Lobbying and 501(c)(3)’s

Date September 30, 2021
Article Authors
Teal Strammer

Organizations that are exempt under IRC § 501(c)(3) need to be aware of the restrictions on lobbying activities they may participate in during the year. These organizations cannot have a substantial portion of their activities related to lobbying. A 501(c)(3) will be deemed as lobbying if they put their efforts into or encourage others to influence legislation or contact lawmakers with the intention of influencing legislation. The IRS takes into consideration both lobbying expenses and time spent on lobbying when determining an organization’s level of lobbying activity. An organization is automatically subject to the substantial part test unless they specifically elect for the expenditure test under Section 501(h). Substantial part test The IRS deems an organization as substantially lobbying under the substantial part test if the organization spends a considerable part of its activities lobbying. Whether or not lobbying is substantial depends on the specific facts and circumstances. In general, the IRS will look at the quantitative factors, like the amount of lobbying expenditures incurred during the year, and the qualitative factors, like how much time volunteers or employees spent on lobbying activities. An organization that is engaged in lobbying must file Schedule C with its Form 990 where it provides details of the organization’s lobbying activities. Organizations utilizing the substantial part test will also fill out Schedule C Part II-B. Expenditure test Under Section 501(h), organizations may choose the expenditure test to measure their lobbying expenditures instead of their lobbying activities. Lobbying expenditures for organizations that choose this election may not spend over a certain amount in lobbying expenses each year. The threshold for determining how much an organization can expend is dependent upon the total amount expended for the organization’s exempt purpose each year. For example, if an organization spends less than $500,000 on its exempt purpose, lobbying expenditures can only account for up to 20% of those expenditures. To make the election under Section 501(h), the organization would need to file Form 5768 in the year that they would like the election to apply. Organizations utilizing the expenditure test will also fill out Schedule C Part II-A. The election only needs to be made once and will remain in effect for all future tax years. Conclusion The IRS may revoke an organization’s tax-exempt status if an organization fails its applicable lobbying test. Under the substantial part test, the organization may be subject to income tax in the year it’s determined that the organization conducted substantial lobbying. Additionally, the organization might be subject to a five percent excise tax on those lobbying costs. Under the expenditure test, the organization may be subject to tax if an organization that has elected the expenditure test under Section 501(h) is determined to have excessively lobbied over a 4- year period. The organization may also be subject to an excise tax in any given year that the organization exceeds lobbying expenditures under the expenditure test. Please reach out to the Nonprofit Solutions Group for information on lobbying disclosures, or if you would like more information on how HBK can help you comply with these requirements.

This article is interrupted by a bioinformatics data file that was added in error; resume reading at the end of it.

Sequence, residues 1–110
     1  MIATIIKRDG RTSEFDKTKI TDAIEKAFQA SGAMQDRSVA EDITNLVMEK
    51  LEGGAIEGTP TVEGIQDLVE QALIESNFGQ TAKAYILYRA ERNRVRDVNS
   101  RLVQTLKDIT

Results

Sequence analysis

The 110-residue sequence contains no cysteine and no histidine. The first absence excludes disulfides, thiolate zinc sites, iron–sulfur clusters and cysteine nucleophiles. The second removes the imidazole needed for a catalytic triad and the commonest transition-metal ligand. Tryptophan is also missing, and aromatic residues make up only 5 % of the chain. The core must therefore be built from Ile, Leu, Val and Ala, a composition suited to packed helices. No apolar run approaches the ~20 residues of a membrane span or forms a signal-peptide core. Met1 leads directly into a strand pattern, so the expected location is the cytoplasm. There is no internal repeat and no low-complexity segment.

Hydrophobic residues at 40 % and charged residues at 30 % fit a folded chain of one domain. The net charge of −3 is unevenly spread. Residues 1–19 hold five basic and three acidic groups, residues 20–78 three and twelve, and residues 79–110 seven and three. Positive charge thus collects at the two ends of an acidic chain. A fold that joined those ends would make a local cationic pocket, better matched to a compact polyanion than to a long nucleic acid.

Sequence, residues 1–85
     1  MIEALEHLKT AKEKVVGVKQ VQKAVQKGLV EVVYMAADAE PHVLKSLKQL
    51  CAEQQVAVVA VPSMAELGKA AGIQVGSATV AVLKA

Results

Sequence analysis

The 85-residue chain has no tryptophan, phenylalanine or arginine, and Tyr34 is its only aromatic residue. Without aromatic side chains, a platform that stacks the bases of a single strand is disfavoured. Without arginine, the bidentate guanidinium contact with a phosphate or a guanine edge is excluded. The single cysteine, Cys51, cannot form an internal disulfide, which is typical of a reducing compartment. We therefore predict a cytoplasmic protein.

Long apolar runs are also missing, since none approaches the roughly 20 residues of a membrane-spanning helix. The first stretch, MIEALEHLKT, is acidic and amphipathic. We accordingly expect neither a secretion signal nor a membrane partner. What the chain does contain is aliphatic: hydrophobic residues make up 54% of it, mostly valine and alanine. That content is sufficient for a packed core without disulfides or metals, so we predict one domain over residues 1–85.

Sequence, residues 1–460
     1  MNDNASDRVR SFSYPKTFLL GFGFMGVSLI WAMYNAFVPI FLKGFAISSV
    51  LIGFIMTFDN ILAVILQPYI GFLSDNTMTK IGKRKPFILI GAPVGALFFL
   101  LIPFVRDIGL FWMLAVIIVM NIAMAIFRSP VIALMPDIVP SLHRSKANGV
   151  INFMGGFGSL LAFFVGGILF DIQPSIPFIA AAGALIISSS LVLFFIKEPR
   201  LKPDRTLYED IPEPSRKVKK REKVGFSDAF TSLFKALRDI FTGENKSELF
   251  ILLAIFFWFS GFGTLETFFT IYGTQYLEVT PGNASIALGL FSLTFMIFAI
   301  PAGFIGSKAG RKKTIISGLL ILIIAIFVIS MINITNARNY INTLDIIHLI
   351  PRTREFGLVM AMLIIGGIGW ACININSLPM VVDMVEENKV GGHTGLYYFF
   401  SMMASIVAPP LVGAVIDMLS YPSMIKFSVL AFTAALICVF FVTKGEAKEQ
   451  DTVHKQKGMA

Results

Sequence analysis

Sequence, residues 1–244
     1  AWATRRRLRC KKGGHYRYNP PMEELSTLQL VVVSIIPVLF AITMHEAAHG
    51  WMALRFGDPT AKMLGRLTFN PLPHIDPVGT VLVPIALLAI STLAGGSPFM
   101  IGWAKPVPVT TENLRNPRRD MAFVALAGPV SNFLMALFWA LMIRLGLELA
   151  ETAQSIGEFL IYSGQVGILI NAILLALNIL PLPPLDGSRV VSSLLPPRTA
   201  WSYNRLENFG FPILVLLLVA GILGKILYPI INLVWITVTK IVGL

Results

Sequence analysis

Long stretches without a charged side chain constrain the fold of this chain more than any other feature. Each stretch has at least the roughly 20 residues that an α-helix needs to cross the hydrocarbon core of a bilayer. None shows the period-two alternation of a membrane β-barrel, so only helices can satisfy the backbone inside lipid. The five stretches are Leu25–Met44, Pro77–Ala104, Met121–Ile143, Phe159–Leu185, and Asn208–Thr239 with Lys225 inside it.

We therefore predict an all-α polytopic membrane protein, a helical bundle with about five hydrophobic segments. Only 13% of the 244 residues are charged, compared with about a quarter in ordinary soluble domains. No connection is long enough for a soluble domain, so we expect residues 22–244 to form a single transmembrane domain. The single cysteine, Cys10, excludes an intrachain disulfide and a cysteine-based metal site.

Speak to one of our professionals about your organizational needs

"*" indicates required fields

HBK uses the contact information you provide to send you information about our products and services. You may unsubscribe from these communications any time. For information on how to unsubscribe, as well as our privacy practices and commitment to protecting your privacy, check out our Privacy Policy.